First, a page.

(4) To those who ‘protest-voted’? If you think a parliamentary demo-cracy would work better here, then work to make that change, but meanwhile you really fucked up. We don’t have a proportional system, and don’t give me any shit about “the lesser of two evils.” Hillary was our choice, and you know goddamned well that she would have done much more for the common good — despite having to govern for that other 45% of the country, too. If “The majority is never right,” as Henrik Ibsen said, where exactly does that get us? (5)

In this painful aftermath, a dear writer friend expressed that she didn’t know if she could go on writing, as a mere writer — that much more substantive action was required. Certainly the latter is the case. (6) But, I pleaded, I have perfectly intelligent young students who truly believe that 9/11 was a conspiracy. In this
era of media consolidation and social-media molecu-larization, now more than ever we need writers who can put actual truth to paper, so it will at least be there for those who look for it. And, respectfully, put beauty in that gallery, Alex! We need more beauty in the world now, not less! Remnick’s “That is all there is to do” is an open statement, and its spur can be achieved in many ways, including demanding recognition for the truth and beauty that continues to exist in the world, and that is our duty to make apparent.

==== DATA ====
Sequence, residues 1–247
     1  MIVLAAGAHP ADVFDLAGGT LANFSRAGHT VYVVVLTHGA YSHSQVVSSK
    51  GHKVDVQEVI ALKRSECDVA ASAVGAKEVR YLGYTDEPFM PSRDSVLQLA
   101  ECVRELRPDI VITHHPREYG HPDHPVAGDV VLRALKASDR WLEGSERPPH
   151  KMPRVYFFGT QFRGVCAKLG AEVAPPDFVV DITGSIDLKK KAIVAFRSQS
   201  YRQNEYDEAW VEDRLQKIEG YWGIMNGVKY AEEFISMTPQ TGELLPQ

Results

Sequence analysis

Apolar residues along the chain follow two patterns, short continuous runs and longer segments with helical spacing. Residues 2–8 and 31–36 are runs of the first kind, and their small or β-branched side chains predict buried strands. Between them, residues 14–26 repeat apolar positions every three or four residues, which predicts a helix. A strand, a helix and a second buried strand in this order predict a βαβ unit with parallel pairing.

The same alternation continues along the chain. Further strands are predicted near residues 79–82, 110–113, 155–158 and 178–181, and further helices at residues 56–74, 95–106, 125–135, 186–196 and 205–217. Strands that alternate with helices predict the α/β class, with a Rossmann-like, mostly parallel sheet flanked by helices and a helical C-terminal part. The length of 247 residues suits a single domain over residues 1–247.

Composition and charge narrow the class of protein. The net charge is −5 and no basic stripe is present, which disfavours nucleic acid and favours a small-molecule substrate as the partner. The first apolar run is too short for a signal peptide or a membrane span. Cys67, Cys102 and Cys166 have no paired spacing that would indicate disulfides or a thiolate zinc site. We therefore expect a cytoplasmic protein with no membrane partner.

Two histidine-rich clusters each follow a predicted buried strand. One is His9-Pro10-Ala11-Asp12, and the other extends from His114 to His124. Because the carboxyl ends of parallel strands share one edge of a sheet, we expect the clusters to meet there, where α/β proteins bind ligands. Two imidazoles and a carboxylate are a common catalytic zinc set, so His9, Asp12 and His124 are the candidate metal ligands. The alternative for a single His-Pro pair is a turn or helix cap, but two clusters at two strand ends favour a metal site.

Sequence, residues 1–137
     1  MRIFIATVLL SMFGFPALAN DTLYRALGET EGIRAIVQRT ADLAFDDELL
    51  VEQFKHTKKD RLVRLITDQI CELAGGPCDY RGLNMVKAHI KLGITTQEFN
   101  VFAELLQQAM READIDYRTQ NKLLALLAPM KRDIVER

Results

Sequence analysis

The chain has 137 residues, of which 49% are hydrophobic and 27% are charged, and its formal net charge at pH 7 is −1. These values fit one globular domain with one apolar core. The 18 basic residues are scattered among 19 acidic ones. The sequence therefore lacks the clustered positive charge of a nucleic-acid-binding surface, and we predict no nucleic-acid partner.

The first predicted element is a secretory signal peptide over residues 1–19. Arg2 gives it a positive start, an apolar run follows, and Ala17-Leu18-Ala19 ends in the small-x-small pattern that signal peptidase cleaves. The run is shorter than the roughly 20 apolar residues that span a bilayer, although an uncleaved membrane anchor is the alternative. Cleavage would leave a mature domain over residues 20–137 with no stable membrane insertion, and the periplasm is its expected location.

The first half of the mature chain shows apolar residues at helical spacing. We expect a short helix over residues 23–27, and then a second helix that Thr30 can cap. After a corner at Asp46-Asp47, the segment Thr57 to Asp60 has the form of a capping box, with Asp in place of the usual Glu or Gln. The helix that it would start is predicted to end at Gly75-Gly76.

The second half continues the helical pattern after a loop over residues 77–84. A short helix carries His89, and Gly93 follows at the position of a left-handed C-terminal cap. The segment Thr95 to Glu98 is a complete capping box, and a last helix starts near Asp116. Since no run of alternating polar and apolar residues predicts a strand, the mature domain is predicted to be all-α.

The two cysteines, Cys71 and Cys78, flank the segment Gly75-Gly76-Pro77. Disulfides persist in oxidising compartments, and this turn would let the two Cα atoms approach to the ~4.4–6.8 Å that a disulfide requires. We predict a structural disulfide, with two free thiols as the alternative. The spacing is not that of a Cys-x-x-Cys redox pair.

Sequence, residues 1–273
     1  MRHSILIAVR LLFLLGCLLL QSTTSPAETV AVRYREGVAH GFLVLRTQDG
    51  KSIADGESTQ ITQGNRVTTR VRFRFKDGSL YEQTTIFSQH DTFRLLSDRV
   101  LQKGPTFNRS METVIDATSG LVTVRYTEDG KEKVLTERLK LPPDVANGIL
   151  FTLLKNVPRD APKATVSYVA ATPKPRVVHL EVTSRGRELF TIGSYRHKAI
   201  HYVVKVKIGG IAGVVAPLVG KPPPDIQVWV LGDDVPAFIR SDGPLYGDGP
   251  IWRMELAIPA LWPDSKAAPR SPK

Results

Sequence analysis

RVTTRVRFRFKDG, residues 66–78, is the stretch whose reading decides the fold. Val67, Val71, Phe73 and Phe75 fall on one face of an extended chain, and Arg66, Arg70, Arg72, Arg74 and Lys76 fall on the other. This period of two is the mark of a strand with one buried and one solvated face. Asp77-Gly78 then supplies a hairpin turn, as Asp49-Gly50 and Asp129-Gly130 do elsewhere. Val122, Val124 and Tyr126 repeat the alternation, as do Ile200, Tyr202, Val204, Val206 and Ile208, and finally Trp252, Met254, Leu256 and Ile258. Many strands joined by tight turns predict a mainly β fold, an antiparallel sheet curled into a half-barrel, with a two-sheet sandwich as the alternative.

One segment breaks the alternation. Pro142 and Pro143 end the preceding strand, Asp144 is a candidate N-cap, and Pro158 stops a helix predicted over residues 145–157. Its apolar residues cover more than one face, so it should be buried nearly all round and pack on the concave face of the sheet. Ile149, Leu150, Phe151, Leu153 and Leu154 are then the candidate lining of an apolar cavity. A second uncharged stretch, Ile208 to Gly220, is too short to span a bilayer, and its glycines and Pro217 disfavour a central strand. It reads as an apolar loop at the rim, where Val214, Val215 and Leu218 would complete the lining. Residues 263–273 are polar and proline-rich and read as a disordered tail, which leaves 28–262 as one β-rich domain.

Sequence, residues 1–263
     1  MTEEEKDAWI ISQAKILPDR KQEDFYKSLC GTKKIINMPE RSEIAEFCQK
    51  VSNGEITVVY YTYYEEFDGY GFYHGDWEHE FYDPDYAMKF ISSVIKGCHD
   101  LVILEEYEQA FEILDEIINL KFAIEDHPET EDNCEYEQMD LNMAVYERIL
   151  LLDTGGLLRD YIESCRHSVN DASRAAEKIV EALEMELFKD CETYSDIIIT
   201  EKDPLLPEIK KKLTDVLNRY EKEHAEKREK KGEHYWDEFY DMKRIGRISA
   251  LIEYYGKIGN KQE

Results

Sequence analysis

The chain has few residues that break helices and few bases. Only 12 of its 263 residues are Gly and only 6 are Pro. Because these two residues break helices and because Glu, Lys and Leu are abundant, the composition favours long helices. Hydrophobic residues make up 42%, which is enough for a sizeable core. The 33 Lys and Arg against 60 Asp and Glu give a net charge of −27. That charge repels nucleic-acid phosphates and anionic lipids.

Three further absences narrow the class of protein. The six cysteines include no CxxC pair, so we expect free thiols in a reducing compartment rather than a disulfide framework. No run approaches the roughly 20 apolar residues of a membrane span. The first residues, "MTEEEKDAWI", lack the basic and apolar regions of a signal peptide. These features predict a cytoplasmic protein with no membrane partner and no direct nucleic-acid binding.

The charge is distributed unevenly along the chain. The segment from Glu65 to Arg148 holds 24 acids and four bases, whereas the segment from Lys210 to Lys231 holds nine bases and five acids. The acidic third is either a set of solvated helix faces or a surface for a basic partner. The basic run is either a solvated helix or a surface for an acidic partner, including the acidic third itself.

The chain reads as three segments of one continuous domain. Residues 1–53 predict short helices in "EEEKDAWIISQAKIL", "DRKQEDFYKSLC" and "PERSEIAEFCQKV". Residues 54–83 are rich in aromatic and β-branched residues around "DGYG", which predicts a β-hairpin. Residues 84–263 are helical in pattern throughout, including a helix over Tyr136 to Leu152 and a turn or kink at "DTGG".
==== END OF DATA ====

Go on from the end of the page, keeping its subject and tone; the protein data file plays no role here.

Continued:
1. David Remnick, “An American Tragedy,” The New Yorker, Nov. 9, 2016. Remnick has been editor of The New Yorker since 1998. Thank you to Jennifer Kabat for the heads-up & post-election help.

2. Ibid.

3. At a School of the Art Institute of Chicago conference on the language used to assess art education (“Art Words,” held April 18, 2016), panelist Kristi McGuire answered a question on the use of “market language” thusly: